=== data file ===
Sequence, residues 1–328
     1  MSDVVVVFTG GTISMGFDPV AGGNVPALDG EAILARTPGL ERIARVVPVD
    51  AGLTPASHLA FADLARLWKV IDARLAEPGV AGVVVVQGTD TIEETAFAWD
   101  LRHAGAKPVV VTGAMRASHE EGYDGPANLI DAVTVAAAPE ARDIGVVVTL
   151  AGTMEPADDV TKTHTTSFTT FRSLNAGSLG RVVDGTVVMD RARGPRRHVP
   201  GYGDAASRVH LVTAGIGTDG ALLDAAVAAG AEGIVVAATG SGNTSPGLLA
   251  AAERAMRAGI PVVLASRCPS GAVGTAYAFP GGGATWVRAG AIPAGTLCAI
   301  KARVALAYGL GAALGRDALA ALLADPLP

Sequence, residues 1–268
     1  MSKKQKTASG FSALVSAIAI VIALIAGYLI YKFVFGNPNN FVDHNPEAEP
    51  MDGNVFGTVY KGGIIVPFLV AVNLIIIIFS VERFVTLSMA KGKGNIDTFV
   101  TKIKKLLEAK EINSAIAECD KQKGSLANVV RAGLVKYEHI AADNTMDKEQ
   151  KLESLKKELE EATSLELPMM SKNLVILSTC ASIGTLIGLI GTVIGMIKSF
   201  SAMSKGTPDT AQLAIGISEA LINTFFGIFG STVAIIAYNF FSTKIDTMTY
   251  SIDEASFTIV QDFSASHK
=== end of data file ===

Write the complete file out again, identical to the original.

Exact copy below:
Sequence, residues 1–328
     1  MSDVVVVFTG GTISMGFDPV AGGNVPALDG EAILARTPGL ERIARVVPVD
    51  AGLTPASHLA FADLARLWKV IDARLAEPGV AGVVVVQGTD TIEETAFAWD
   101  LRHAGAKPVV VTGAMRASHE EGYDGPANLI DAVTVAAAPE ARDIGVVVTL
   151  AGTMEPADDV TKTHTTSFTT FRSLNAGSLG RVVDGTVVMD RARGPRRHVP
   201  GYGDAASRVH LVTAGIGTDG ALLDAAVAAG AEGIVVAATG SGNTSPGLLA
   251  AAERAMRAGI PVVLASRCPS GAVGTAYAFP GGGATWVRAG AIPAGTLCAI
   301  KARVALAYGL GAALGRDALA ALLADPLP

Sequence, residues 1–268
     1  MSKKQKTASG FSALVSAIAI VIALIAGYLI YKFVFGNPNN FVDHNPEAEP
    51  MDGNVFGTVY KGGIIVPFLV AVNLIIIIFS VERFVTLSMA KGKGNIDTFV
   101  TKIKKLLEAK EINSAIAECD KQKGSLANVV RAGLVKYEHI AADNTMDKEQ
   151  KLESLKKELE EATSLELPMM SKNLVILSTC ASIGTLIGLI GTVIGMIKSF
   201  SAMSKGTPDT AQLAIGISEA LINTFFGIFG STVAIIAYNF FSTKIDTMTY
   251  SIDEASFTIV QDFSASHK